4. I indicated to you that giving a quiz or test that only contained one question was a poor way to evaluate understanding. Asking the students to solve a single problem would only tell you whether the students could do that particular problem. It wouldn't indicate their understanding of the concepts of motion, or even that they could solve a problem worded slightly differently. A student who understood the major concepts involved but couldn't understand the way the problem was worded would receive a poor grade, even
though they might be doing well with the material. The quiz or test should contain examples of problems but must also contain questions that test understanding of concepts. These might be in the form of multiple choice questions or open-ended questions. A question such as, "How could an object that is increasing in velocity have a constant acceleration" would illustrate understanding of the difference between velocity and acceleration.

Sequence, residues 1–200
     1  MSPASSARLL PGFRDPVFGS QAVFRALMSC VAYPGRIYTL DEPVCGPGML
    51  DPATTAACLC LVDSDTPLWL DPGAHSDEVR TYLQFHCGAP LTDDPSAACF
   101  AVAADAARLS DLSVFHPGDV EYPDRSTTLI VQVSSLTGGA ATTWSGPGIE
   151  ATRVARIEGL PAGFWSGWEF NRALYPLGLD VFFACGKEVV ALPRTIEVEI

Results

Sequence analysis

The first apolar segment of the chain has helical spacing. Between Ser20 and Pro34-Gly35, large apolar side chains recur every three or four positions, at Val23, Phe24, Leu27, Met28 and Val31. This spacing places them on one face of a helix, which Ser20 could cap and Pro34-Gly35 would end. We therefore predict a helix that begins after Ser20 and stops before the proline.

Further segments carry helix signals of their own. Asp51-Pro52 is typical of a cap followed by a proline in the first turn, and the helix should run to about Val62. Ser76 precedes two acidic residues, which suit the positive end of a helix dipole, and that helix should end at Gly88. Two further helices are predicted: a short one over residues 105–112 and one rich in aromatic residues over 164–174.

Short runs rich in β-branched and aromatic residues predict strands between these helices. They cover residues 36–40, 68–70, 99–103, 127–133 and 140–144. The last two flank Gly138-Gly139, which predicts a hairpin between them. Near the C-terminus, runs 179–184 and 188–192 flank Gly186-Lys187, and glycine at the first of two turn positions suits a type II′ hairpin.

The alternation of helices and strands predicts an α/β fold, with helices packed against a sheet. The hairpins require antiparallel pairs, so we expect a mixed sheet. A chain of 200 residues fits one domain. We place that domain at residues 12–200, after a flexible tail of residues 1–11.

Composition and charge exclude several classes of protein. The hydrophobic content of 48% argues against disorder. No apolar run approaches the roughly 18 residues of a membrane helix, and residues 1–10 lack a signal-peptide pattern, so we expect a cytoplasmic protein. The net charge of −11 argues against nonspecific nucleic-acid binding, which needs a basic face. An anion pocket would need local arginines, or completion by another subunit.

A serious flaw in this lesson centered around your failure to provide students with an opportunity for feedback. You need to listen to their cries for help. When you present a problem's solution and then move on, despite complaints that students don't understand, they become frustrated and anxious. You have some of the brightest students in the school in your classes. These students are concerned that the grades they get will help them get into a good college, not hurt them. They want and need you to help them.

We discussed ways that you could provide for feedback within the lesson. One technique is to model a problem at the board and then assign each table a similar but slightly different problem to work on. After a reasonable amount of time, have a student volunteer from one or two tables explain their solutions to the class by coming to the board.

I will be returning to visit one of your classes again in the next week or two. I hope that you will begin to implement some of the suggestions we have discussed so that your next lesson can be rated as satisfactory.

Sincerely,

Ira Cohen

Assistant Principal Supervision

Science Department